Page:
Re­vival time with the vil­lage athe­ist

The Washington Times Weekly - - National -

The jobs don’t pay a lot, and you take most of your pay in self-es­teem, but some­body is al­ways try­ing out for vil­lage id­iot or vil­lage athe­ist. Of­ten they’re one and the same.

Lately we’ve seen fresh pur­suit of th­ese po­si­tions, fu­eled by a rash of books about athe­ism, or more ac­cu­rately, ir­ra­tional screeds mock­ing those who have the faith the au­thors clearly envy. Athe­ists are or­ga­niz­ing. They have their reg­is­tered lob­by­ist now on Capi­tol Hill, and they’re plan­ning a re­vival meet­ing in Ar­ling­ton in Septem­ber.

No tents, no hymns, and there won’t be saw­dust on the trail, but big names in the god­less fir­ma­ment are nev­er­the­less promised, in­clud­ing Prof. Richard Dawkins, the rec­og­nized Elmer Gantry of the move­ment; Christo­pher Hitchens, the au­thor of witty books about his latest vi­sions, and Ayaan Hirsi Ali, fa­mously abused by Is­lamist thugs. Made­lyn Murray O’Hair, the lodestar of the move­ment, how­ever, is still dead. But there will be a screen­ing of “The Life of Brian,” the Monty Python tale that has be­come “The Pas­sion of the Christ” for hip hea­then; car­i­ca­ture artists “cap­tur[ing] con­ven­tion mo­ments of your choice” (at $15 per mo­ment), work­shops on “sec­u­lar par­ent­ing,” and ses­sions on “how to or­ga­nize, de­velop and main­tain an Athe­ist Meetup,” which is pre­sum­ably where skep­ti­cal sin­gles meet, greet and gaze dream­ily into each other’s not-so-heav­enly eyes.

Merely driv­ing by a church to shake a fist at the steeple on a Sun­day morn­ing is no longer enough to make an athe­ist tin­gle. They’re tak­ing tips from the tel­e­van­ge­lists they af­fect to de­spise. Prof. Dawkins, the Ox­ford don turned shill for the thrill of be­liev­ing in noth­ing, has an In­ter­net site that Jim and Tammy Faye Bakker would have en­vied, with a but­ton to click to con­trib­ute money to sup­port pros­e­ly­tiz­ing for the cult of un­be­lief. The pro­fes­sor, who sits in some­thing called the Charles Si­monyi Chair for the Pub­lic Un­der­stand­ing of Science at Ox­ford when he is not jet­ting hither and yon to search for op­por­tu­ni­ties at Athe­ist Mee­tups, is try­ing to get his co-re­li­gion­ists to call them­selves “Brights,” as op­posed to what one of his ad­mir­ers call the “knuckle-drag­ging mo­rons” whose lives have been touched by divine fire.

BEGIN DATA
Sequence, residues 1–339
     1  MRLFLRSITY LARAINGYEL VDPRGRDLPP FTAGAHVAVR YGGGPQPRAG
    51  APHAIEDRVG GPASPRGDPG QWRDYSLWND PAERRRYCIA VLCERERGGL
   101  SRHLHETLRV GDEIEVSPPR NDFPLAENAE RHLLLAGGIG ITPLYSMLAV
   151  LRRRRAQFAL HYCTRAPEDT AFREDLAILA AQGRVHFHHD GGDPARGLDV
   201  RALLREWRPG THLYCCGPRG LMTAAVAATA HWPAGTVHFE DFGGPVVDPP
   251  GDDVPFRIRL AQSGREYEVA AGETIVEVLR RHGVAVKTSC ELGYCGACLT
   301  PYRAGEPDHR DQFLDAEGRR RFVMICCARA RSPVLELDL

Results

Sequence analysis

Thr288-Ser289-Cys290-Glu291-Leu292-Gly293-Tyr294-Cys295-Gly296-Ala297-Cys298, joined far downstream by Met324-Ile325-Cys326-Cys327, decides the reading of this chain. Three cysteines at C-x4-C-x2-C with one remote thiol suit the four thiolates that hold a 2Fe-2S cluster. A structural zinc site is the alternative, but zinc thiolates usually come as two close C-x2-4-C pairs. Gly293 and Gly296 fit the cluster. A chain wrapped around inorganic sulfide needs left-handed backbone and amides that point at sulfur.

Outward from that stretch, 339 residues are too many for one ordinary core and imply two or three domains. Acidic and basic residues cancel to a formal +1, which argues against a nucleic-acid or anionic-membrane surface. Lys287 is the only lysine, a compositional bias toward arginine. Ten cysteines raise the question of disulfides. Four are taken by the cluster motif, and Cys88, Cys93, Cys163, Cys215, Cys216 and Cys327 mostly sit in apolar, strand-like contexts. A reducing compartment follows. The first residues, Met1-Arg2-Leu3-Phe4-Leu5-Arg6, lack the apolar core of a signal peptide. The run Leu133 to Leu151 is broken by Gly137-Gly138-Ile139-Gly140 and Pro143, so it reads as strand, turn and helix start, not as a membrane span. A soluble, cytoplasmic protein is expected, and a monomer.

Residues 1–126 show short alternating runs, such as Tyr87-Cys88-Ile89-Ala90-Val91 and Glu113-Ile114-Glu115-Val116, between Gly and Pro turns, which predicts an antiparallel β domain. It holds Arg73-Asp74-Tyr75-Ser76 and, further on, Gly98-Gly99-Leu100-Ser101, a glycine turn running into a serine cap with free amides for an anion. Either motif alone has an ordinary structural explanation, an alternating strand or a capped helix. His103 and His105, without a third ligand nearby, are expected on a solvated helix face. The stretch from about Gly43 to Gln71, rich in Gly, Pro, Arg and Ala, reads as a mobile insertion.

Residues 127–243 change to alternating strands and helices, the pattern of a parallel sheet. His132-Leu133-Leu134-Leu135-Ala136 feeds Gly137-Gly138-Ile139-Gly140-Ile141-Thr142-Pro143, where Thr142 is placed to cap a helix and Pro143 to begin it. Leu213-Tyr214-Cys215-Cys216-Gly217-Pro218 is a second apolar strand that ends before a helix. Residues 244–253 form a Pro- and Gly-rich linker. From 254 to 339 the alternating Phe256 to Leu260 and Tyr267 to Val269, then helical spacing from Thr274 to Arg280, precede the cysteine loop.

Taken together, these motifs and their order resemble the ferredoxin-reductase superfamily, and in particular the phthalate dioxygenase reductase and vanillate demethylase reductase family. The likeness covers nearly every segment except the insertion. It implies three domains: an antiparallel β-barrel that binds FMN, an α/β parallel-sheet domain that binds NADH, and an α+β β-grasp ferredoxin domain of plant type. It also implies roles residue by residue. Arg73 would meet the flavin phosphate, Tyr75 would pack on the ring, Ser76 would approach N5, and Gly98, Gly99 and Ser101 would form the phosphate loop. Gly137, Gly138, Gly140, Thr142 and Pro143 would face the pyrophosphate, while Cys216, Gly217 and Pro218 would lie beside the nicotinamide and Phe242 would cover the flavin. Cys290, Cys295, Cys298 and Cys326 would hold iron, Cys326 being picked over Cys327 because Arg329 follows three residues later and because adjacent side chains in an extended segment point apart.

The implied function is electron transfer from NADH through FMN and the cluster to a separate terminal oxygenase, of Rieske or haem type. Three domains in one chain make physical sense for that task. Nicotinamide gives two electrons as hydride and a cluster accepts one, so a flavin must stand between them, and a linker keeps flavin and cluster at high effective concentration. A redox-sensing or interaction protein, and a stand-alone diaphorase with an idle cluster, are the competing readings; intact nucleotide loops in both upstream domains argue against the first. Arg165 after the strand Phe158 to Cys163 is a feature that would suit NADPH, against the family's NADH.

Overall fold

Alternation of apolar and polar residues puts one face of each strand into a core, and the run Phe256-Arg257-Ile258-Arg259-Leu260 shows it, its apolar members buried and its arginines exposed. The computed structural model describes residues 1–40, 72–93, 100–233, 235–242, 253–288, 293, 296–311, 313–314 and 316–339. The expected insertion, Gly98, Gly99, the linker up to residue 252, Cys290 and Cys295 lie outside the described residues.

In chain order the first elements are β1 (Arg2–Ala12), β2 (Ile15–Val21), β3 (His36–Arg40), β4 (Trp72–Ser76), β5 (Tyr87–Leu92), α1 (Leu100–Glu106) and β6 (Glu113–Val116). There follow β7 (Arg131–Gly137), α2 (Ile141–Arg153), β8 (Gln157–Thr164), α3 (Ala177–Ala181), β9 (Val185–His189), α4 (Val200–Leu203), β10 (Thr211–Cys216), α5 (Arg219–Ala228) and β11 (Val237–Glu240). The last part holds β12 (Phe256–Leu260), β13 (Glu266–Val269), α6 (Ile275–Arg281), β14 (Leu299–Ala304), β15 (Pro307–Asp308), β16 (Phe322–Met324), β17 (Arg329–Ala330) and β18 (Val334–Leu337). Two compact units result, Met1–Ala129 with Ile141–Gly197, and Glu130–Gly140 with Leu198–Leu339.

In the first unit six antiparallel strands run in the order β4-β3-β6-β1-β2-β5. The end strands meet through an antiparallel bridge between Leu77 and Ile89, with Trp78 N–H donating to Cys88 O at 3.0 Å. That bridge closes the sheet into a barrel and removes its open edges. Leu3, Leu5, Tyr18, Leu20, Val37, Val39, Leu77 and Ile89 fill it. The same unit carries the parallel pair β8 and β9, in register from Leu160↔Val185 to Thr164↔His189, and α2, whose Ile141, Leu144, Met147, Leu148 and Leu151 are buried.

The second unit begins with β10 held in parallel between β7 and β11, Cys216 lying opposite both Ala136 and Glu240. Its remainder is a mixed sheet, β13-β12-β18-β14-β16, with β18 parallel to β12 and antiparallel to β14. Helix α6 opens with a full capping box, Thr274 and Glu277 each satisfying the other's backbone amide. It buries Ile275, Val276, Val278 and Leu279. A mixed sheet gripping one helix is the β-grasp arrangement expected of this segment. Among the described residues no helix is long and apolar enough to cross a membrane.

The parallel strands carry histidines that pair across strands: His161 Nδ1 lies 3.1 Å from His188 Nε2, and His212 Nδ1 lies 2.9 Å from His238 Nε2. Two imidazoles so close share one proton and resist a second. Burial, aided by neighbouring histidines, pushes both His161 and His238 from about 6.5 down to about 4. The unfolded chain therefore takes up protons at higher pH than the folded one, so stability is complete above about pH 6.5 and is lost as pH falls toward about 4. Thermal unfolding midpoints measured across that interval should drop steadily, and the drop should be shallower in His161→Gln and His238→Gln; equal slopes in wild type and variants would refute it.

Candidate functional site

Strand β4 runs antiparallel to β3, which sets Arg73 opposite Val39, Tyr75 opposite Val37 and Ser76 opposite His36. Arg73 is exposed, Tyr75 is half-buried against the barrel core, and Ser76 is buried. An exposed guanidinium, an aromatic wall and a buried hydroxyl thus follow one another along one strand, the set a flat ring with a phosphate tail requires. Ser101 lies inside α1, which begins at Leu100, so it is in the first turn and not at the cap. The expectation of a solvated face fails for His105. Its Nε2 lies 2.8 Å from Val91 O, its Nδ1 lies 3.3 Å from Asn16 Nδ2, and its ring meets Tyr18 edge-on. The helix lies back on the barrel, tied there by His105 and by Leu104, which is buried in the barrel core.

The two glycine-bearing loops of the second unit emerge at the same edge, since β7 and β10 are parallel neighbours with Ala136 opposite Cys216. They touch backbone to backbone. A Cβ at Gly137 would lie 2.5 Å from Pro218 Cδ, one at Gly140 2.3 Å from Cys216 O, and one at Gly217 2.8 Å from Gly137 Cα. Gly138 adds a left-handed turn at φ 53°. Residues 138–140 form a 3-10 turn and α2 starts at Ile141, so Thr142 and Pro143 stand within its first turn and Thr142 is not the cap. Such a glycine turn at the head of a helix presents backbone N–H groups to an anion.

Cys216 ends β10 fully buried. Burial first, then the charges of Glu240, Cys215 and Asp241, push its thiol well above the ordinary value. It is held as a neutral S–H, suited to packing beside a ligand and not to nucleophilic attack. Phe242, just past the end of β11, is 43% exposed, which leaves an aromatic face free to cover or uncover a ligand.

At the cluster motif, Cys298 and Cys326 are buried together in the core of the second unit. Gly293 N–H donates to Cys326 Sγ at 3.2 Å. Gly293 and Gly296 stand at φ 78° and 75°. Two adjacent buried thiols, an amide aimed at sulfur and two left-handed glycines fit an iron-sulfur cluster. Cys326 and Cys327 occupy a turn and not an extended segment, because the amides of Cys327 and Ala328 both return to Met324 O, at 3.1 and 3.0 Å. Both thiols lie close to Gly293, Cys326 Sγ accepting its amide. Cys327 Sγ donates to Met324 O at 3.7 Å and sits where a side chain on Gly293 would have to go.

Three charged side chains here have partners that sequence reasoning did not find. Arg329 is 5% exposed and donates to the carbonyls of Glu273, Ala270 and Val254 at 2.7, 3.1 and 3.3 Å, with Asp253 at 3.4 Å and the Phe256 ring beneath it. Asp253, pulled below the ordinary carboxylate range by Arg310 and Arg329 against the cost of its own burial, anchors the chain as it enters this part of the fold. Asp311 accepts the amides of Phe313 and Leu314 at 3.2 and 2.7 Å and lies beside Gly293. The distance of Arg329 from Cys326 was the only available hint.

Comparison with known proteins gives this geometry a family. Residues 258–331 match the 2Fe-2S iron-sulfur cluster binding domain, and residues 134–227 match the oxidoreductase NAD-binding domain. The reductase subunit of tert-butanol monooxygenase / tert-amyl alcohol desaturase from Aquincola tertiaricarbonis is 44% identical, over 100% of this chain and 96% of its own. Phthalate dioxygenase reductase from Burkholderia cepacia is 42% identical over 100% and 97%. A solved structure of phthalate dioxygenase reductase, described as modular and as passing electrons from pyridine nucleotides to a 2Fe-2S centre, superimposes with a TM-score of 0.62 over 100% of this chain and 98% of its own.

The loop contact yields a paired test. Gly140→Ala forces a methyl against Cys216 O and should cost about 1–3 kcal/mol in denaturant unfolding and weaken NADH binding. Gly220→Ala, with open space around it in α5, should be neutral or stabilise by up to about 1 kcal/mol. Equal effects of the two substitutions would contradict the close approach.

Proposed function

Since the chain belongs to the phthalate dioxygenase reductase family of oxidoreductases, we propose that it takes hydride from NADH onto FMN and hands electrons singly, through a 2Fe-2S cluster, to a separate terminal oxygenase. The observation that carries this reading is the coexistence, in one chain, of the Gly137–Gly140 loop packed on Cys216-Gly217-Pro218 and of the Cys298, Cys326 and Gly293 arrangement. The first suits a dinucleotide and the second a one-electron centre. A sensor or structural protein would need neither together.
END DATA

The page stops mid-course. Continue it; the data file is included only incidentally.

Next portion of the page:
One of the most fer­vent evan­ge­lists is Christo­pher Hitchens, whose book “god is Not Great: How Re­li­gion Poi­sons Ev­ery­thing” is cur­rently for athe­ists what Chair­man Mao’s Lit­tle Red Book was for the Chi­nese mil­lions only yes­ter­day. (Note that God gets only a small-g in the ti­tle; Hitch is an over­flow­ing font of clev­er­ness.) Hitch par­tic­u­larly de­spises the legacy of Mother Teresa, whom he calls “the ghoul of Cal­cutta,” and when the Vat­i­can opened pro­ceed­ings to make her a saint he was in­vited to tes­tify as a devil’s ad­vo­cate. Since such wit­nesses for the pros­e­cu­tion are no longer called “devil’s ad­vo­cates,” Hitch vol­un­teered to “rep­re­sent the devil pro-bono.”

The death the other day of the Rev. Jerry Fal­well put an­other log on the fire of athe­ist or­tho­doxy. Not for the athe­ists the Ro­man ad­mo­ni­tion — “nil nisi bonum” — to speak only good of the dead. Hitch has said some of the mean­est things about the founder of the Moral Ma­jor­ity, but not all. An ed­i­to­ri­al­ist in Arkansas, of all un­likely places, couldn’t wait to throw a few rocks. Paul Green­berg, who dis­plays his piety and unc­tion daily in the Arkansas DemocratGazette, went on the at­tack be­fore Mr. Fal­well was even in the cold, cold ground of south­west Vir­ginia. Declar­ing him­self “a sur­vivor of 2,000 years of Chris­tian char­ity,” the sage of Lit­tle Rock’s Fourche Bayou bot­toms likened the rev­erend to Susan Son­tag and Noam Chom­sky, and not­ing that Mr. Fal­well “once par­tic­i­pated in a civil dia­log with spokes­men for ho­mo­sex­ual Amer­i­cans,” sneered: “I can’t re­call him ever fall­ing into de­cency again.”

The athe­ists reckon they don’t have much time. Prof. Dawkins warns that Amer­ica, with its law, lit­er­a­ture and cus­toms rooted in Judeo-Chris­tian re­li­gion, is slip­ping into noth­ing less than a new Dark Age, with only wor­thies like him­self — or maybe only him­self — stand­ing be­tween civ­i­liza­tion and the abyss. The pro­fes­sor en­joys the rep­u­ta­tion of a man who doesn’t suf­fer fools gladly, suf­fer­ing him­self be­ing a full-time job, but the wares of an apos­tle of de­spair are not easy to sell. When a de­bate op­po­nent greeted him not long ago with hand ex­tended for a friendly shake, the pro­fes­sor kept his hands at his side. “You, sir,” he said, “are an ig­no­rant bigot.” It was a sally wor­thy of the fresh­man at the sopho­more smoker.

Wesley Pruden is ed­i­tor in chief of The Times.

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